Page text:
It’s pretty normal (and enormously frustrating) to call your primary care provider for an appointment only to learn you can’t get on the books for six weeks. Colorado’s explosive population growth—not to mention the 1.3 million senior citizens projected to live here by 2030—means there’s high demand not only for doctors but also for their often-overlooked team members: medical assistants (MAs).

Typically, the MA is the person taking your blood pressure, asking whether you smoke, and setting up specialist referrals. The occupation is projected to grow by nearly 30 percent nationwide—up to six times faster than the average job—by 2026. At that point, though, the position may look different. To cope with ever-heavier caseloads, physicians are already asking MAs to take on more critical tasks, such as reviewing a patient’s medical history and briefing the team on problems. But education for MAs hasn’t been keeping up with these career demands. Most MAs still spend only one month of their seven-month training getting in-hospital clinical practice, and they receive little instruction in critical thinking, which can result in ill-preparedness for their expanding roles.

Enter the National Institute of Medical Assistant Advancement (NIMAA), which relocated its headquarters to Colorado in May. NIMAA partners with community health centers to give MA students on-the-ground training—for all seven months—that focuses on data literacy and team-based leadership skills and provides subsidies to help cover the $6,000 course fee. (Many MA certification programs can cost upward of $20,000.) “These are bright and talented people who haven’t been treated as potential leaders in our health care system,” says NIMAA board chair Mark Masselli. “This [improved training] should be the beginning of the stepladder for them.” The institute plans to expand from six to 15 clinic locations in Colorado by 2023—meaning more patients in more places can feel good about whoever’s reading their charts.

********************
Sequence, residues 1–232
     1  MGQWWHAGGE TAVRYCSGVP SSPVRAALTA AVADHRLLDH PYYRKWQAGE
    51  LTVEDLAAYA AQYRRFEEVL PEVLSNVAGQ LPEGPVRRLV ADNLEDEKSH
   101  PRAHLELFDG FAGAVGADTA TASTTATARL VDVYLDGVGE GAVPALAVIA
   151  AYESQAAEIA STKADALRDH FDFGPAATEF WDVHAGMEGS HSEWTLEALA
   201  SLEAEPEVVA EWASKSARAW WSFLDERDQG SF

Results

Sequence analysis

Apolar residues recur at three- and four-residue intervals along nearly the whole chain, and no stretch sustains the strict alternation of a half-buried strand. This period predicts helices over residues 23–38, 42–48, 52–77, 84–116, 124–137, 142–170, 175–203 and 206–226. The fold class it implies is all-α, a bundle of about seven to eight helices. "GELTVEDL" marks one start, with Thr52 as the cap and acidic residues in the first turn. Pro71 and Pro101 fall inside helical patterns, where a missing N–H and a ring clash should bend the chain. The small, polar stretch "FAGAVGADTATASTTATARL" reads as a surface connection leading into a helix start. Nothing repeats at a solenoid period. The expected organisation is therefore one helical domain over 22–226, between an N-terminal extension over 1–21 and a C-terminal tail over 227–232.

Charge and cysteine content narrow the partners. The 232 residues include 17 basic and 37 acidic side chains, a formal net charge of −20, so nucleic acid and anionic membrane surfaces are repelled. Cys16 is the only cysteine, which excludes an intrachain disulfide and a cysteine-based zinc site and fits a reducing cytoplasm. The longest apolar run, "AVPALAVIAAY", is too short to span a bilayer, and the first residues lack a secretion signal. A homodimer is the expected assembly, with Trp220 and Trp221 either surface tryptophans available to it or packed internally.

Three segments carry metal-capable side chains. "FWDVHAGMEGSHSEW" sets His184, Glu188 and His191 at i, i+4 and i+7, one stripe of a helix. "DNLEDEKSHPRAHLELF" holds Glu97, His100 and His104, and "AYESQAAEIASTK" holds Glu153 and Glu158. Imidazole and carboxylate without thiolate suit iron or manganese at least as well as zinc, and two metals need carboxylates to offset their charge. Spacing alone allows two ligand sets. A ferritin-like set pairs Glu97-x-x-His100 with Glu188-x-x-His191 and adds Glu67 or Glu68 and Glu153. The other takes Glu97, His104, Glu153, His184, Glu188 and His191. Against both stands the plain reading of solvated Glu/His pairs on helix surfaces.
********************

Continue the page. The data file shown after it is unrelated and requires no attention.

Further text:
By the Numbers

30% Percentage by which the medical assistant occupation is projected to grow by 2026

15 NIMAA-sponsored medical assistant training clinic locations that will be open by 2023

Could Dental Cleanings at Medical Offices Be the New Norm?

One recent program suggests integrating the two could be the key to boosting dental health.

If going to the dentist isn’t your thing, you’re not alone: Dental care is easily overlooked, especially when access is difficult, which it can be in Colorado. More than a quarter of counties in the state have a shortage of dental health professionals. The Delta Dental of Colorado Foundation is addressing the problem with the Colorado Medical-Dental Integration Project, a first-in-the-country experiment placing dental hygienists in 26 medical practices across the state. The idea: People are more likely to get a medical checkup than a teeth cleaning, but they might stick around the doctor’s office to get their pearly whites examined and polished. Results of the program will be out this summer; here’s a preview.

Photo courtesy of iStock
  • More access.
    About 40 percent of the 57,000-plus people who saw a hygienist hadn’t been to the dentist in the past year.
  • Problem-solving.
    Nearly 40 percent of patients had problems such as cavities, and although hygienists only provide cleanings, fluoride varnishes, and sealants, they connected more than half of the critical cases they saw to licensed dentists.
  • Early prevention.
    A majority of patients in the program were 18 or younger, and 27 percent were five or under. Having a cavity in a baby tooth doubles the chance of future decay; ideally, these early visits can help ward off oral disease later in life

[Correction: This story initially listed the name of the Delta Dental of Colorado Foundation’s initiative as the Colorado Medical-Dental Integration Program. It is the Colorado Medical-Dental Integration Project. We regret the error.]